However, returning the parties to the status quo is complicated because the life insurance proceeds have been invested in real property. Pamela argues that Valerie is unjustly enriched and that the Court should impose a constructive trust on behalf of RBV. Valerie disagrees, and contends that all issues in this case are controlled by written agreements in the underlying divorce action.
The central issue in dispute is the third element of unjust enrichment, i.e., whether allowing Valerie to retain the benefits incurred creates an unjust result. Roy’s improper change of beneficiary resulted in his estate being unable to pay claims to his children or provide for their future as was intended and promised in the MSA and the parenting agreement for Saraya. The third element of unjust enrichment is met.
Although Valerie has done nothing wrong, she is holding title to property and has an equitable duty to convey some or all of it to another. Thus, a constructive trust is the proper remedy. The Court remands to the district court to fashion the remedy so that it will accomplish justice in light of the circumstances.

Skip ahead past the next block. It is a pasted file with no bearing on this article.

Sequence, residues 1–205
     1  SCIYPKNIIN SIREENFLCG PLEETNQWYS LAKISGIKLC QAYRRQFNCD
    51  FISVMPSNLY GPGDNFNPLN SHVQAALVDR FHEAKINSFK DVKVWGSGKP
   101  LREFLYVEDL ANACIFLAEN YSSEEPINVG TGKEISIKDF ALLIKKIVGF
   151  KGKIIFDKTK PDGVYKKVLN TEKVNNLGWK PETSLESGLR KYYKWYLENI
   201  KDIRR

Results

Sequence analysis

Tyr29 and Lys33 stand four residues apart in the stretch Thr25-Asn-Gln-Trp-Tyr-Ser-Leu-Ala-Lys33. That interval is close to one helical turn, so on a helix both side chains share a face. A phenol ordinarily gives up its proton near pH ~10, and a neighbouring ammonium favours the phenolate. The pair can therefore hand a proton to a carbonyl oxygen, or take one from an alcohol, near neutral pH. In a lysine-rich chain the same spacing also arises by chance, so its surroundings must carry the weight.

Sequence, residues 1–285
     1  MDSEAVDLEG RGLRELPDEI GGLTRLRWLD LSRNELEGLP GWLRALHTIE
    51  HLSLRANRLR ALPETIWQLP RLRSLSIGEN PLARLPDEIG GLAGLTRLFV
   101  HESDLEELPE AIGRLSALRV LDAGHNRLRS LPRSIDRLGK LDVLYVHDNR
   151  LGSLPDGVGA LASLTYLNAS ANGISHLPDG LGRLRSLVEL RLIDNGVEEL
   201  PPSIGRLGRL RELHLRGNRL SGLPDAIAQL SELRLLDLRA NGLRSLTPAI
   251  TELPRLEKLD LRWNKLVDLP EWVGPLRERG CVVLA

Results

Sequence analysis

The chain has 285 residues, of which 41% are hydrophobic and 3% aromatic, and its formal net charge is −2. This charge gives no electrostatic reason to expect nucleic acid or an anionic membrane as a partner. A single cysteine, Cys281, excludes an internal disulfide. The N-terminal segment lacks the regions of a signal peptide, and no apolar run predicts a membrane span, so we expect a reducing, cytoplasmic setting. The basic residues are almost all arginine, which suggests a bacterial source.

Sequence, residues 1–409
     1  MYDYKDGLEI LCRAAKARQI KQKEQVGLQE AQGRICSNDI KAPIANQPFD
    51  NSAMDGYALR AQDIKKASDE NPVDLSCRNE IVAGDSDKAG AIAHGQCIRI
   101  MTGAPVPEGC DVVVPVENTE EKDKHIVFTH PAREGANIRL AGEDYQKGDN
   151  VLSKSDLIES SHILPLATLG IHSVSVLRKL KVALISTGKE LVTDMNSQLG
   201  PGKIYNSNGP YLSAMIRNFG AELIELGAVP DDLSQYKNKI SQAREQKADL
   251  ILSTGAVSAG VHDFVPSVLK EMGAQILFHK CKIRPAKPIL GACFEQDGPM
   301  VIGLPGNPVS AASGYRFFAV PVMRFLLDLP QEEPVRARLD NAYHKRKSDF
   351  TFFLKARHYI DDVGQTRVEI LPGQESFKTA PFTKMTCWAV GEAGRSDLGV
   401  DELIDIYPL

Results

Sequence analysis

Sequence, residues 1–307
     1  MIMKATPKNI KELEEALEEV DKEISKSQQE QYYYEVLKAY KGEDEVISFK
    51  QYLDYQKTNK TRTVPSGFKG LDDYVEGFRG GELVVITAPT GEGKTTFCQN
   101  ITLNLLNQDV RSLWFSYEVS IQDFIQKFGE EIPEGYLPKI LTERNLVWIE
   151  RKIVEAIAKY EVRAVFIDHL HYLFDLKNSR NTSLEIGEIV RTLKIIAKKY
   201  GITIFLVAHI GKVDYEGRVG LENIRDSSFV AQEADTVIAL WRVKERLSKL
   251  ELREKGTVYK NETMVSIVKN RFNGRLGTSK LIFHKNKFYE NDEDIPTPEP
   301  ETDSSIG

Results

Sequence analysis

Justice Rice’s Concurrence (joined by Justice Baker): Justice Rice notes that the Court is not ordering all of the contested proceeds to be placed in trust for RBV, but rather that the district court should design equitable relief that will take into account all parties’ reasonable claims.
Justice Shea’s Concurrence (joined by Chief Justice McGrath): Justice Shea would provide more precise guidance to the district court as to the equitable objectives. Roy violated the restraining order. But for that violation, Valerie would not have received any of the insurance proceeds. The amount Valerie received is known down to the last penny, leading Justice Shea to wonder why the Court suggests that Valerie may only have to return a “portion” of the proceeds. Justice Shea would instruct the district court that the objective should be recoupment, to the fullest extent possible, of the entire life insurance proceeds.
Justice McKinnon’s Dissent: Justice McKinnon believes the Court has not accorded proper deference to the trial court. The majority decision reforms the MSA, ignore the final parenting plan, and invalidates life insurance contracts. Moreover, it must be inequitable for Valerie to retain the benefit of Roy’s life insurance proceeds to impose a constructive trust. The fact that Roy actually did change the beneficiary designation means no speculation is required to determine Roy’s intent or that he would have effected that intent by executing a valid change of beneficiary post-dissolution. Neither the MSA nor the parenting plan require either party to procure or maintain a life insurance policy for the benefit of anyone.